“So, why is it our best bet?”

I cleared my throat. “Well…” I shuffled my feet. “You see…”

“Because of fish, wasn’t it, Barry?”

That made it sound stupid. Well, more stupid, anyway.

Partially,” I allowed, “partially.”

“Fish?” asked Sammy, bewildered. “Fish?”

“Yes, fish. You see, there’s limited food resources, and—”

“But… fish?” I couldn’t bear the look on her face, so I stared at the ground.

“There’s limited food resources,” I pressed on. “Tins. Cans. All of the stuff that’ll last, well, there just isn’t an infinite supply of it. But if we get to the coast, we can fish. We can survive off the ocean.” It sounded better in my head.

“But what if they’re all dead?”


Sammy looked at me levelly. “The fish. What if they’re all dead? Dead like everything else?”


“They’re not all dead, Honey,” said Sandra. I sent her a telepathic thank you.

Quietness again.

And then: “How do you know?”

“Because I just know! Okay?”

“Because there’s a good chance it hasn’t affected the waters, Honey,” I said, trying to put out the fire before it began.

“But how do you know?”

I looked at my watch, distractedly. “Guys, we should get going. We don’t want to be outside during nightfall, right?”

“Right,” sighed Sandra.

Sammy didn’t say anything, she just looked at me. Looked at me as if she were looking right through me.

We picked our well-worn bikes up and sat down on the familiar seats. Our muscles groaned as we reassumed the cycling position. From the base of our feet to our thighs, from our buttocks to our abs, from our hands to our shoulders, our bodies ached. But still we cycled on; it was all that was left to do.

I could hardly tell my family that we were cycling to the coast because there was no hope anywhere else. What was I to say?

My thoughts gnawed away at me. What if Sammy was right? What if even the fish were dead? Dead along with the rest of this burnt-out shell of a planet?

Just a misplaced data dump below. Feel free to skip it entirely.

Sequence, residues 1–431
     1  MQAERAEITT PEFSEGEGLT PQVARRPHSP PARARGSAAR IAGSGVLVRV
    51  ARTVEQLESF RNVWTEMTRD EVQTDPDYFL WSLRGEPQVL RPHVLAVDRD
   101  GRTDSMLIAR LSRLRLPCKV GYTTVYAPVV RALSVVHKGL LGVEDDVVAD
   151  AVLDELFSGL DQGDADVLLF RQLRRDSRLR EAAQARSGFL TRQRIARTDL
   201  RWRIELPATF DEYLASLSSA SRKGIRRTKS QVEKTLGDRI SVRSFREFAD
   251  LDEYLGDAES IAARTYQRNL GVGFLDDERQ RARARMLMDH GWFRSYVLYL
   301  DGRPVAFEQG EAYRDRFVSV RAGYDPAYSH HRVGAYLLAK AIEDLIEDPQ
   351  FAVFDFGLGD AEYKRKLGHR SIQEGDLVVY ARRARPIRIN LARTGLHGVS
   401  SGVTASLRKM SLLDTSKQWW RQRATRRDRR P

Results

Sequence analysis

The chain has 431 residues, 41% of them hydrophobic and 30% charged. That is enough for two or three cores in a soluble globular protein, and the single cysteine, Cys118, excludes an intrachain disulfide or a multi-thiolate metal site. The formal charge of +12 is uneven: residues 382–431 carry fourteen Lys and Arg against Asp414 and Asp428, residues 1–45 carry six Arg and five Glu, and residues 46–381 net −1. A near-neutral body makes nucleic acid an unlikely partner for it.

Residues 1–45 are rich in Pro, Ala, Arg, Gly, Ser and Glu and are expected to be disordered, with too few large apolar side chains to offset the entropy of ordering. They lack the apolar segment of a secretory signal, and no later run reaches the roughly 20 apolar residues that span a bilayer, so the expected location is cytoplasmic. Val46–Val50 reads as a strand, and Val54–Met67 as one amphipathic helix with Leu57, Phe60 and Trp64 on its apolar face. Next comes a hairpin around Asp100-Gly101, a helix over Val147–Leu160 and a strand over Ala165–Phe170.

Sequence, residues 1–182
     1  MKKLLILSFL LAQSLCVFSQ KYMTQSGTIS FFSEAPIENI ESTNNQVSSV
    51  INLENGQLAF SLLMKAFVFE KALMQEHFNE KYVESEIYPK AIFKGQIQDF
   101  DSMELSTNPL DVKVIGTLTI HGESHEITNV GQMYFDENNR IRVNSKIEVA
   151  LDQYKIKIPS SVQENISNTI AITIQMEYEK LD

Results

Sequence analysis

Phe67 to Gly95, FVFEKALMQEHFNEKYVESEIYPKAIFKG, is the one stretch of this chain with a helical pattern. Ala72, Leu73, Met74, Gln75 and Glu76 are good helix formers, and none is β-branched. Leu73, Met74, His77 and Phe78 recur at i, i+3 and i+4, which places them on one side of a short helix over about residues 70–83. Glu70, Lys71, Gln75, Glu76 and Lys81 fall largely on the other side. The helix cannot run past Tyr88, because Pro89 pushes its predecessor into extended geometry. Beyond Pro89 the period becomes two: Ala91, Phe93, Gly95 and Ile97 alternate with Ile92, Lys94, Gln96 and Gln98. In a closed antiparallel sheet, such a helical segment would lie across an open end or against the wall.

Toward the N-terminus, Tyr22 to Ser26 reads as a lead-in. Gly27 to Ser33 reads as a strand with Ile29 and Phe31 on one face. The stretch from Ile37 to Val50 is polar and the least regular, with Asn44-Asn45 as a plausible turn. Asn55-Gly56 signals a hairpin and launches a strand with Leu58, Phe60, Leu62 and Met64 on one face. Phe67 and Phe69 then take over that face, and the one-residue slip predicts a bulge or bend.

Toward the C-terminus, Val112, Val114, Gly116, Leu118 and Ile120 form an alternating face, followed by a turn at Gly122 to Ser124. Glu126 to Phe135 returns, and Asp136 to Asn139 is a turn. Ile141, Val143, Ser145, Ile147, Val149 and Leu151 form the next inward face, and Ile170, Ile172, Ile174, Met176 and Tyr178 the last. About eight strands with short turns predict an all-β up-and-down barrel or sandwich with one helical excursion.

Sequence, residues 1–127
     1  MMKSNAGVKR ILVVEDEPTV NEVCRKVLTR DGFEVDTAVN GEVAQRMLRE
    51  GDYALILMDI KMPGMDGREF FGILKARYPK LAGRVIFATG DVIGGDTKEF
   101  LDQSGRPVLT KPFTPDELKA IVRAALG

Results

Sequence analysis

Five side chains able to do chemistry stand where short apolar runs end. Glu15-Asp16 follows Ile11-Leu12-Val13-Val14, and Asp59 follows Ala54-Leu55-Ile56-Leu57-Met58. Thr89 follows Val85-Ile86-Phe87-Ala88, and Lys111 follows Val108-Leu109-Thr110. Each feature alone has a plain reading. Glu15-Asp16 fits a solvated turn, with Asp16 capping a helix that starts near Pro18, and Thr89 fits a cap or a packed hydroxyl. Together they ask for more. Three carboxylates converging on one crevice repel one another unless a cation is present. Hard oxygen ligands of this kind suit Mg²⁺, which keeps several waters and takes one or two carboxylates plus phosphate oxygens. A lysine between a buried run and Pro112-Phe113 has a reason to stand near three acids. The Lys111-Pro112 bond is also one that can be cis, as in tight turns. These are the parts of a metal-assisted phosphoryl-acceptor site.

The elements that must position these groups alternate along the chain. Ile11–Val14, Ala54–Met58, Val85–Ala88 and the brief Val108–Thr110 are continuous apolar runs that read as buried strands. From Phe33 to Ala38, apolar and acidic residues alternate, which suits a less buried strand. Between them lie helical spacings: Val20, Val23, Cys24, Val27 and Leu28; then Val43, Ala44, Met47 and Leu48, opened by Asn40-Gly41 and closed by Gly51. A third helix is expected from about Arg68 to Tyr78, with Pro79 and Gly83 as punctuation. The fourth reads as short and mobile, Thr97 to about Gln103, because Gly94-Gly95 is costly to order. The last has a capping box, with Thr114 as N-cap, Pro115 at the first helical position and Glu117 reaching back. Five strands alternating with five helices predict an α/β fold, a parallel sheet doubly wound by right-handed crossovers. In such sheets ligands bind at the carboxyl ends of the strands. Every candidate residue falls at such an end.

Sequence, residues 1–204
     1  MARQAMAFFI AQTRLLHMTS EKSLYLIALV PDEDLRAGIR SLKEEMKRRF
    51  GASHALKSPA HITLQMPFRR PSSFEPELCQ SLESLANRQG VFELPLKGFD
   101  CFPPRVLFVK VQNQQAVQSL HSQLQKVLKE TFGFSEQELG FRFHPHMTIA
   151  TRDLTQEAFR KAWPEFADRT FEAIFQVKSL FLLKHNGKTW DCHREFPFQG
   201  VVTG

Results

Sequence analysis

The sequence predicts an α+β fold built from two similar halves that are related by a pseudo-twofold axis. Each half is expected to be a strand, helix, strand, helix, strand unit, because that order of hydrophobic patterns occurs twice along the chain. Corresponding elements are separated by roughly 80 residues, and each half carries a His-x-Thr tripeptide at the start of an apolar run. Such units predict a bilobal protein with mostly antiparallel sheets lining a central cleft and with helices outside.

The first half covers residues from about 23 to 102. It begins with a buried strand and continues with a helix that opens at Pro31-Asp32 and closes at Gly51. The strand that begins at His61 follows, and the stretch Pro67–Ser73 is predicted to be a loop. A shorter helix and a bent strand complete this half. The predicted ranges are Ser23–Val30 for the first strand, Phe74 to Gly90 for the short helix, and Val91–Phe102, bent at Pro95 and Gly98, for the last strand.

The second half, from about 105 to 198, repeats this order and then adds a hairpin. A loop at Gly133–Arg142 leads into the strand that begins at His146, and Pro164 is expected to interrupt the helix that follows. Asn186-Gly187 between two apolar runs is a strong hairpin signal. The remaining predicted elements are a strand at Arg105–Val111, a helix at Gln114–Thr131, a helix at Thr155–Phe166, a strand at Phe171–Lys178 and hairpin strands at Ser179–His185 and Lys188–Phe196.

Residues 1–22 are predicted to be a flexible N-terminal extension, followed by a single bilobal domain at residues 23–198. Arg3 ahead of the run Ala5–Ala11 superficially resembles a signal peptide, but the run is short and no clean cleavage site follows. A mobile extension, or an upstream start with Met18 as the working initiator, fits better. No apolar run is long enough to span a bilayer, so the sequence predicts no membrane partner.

We cycled on for days. Weeks. Months. I don’t know. Who keeps track of days anymore? Seasons don’t exist, any longer. There’s no winter. There’s no spring. There’s no autumn. I suppose you could say there’s no summer, either – but that’s the closest description to what we have… but it’s also all wrong.

To say, “We live in a perpetual summer,” well, that sounds lovely, doesn’t it? Yeah, that’s not what we have. What we have are constant desert-like conditions. No water. Oppressive sun. Baking heat. Occasional sandstorms that shred and graze the skin. Have you ever tried to clean sand from a wound? It’s awful. It grates.

Anyway, I’m getting side-tracked. My point is, that without the quarterly seasons to give meaning to days, what’s the point of counting how many have passed? One, ten, a hundred or a thousand. It’s all the same.



As with most things, Sammy was the first to notice.

We were passing what might have once been a farmhouse but had long fallen into disrepair. The fields around it were overgrown. Some of the glass windows of the building had been broken, and a crack ran through the house, diagonally upwards, from the left to the right.

“Dad,” she began, and I readied myself for a new barrage of inquiries. She hadn’t asked questions in a while. Too long, in fact. As a father, I had begun worrying that Sammy was dealing with a depressive episode. The recent days (weeks?) we had spent cycling in (squeak-squeak-squeak) silence. I was secretly glad that she was about to begin a new assault on my intellect. And my ears. But then she didn’t. “Dad, do you smell that?” she asked.


“That smell… what is it?”

“It’s the sea air,” said my wife. There was a quality in her voice that took me far too long to place. I glanced over at her – I had gotten better on the bike and could now do this without swaying – only to see a strange sight. Sandra was smiling. She took in a deep breath. “That’s the sea air, Honey,” she said, without dropping her newfound grin. She met my eye. “Don’t you smell it, Bear?”

It’s been years since she called me that, I thought, giddily. The last time was… And then I realised: the last time she called me that was before.

I breathed in completely, sure that I wouldn’t be able to taste it, that it either wasn’t there and the other two were imagining it, or that my sense of smell had been seared away from the constant aroma of death. But as I took in my lungful, my senses were delighted with the perfume of the coast. I could smell it! It was delicious.

I grinned back at Sandra. We cycled on like that for a while; exchanging grins. Just how long had it been since we had even smiled at each other? In our wedding vows, we had said in happiness as well as in sadness, but for as long as I could remember, we had only shared the latter.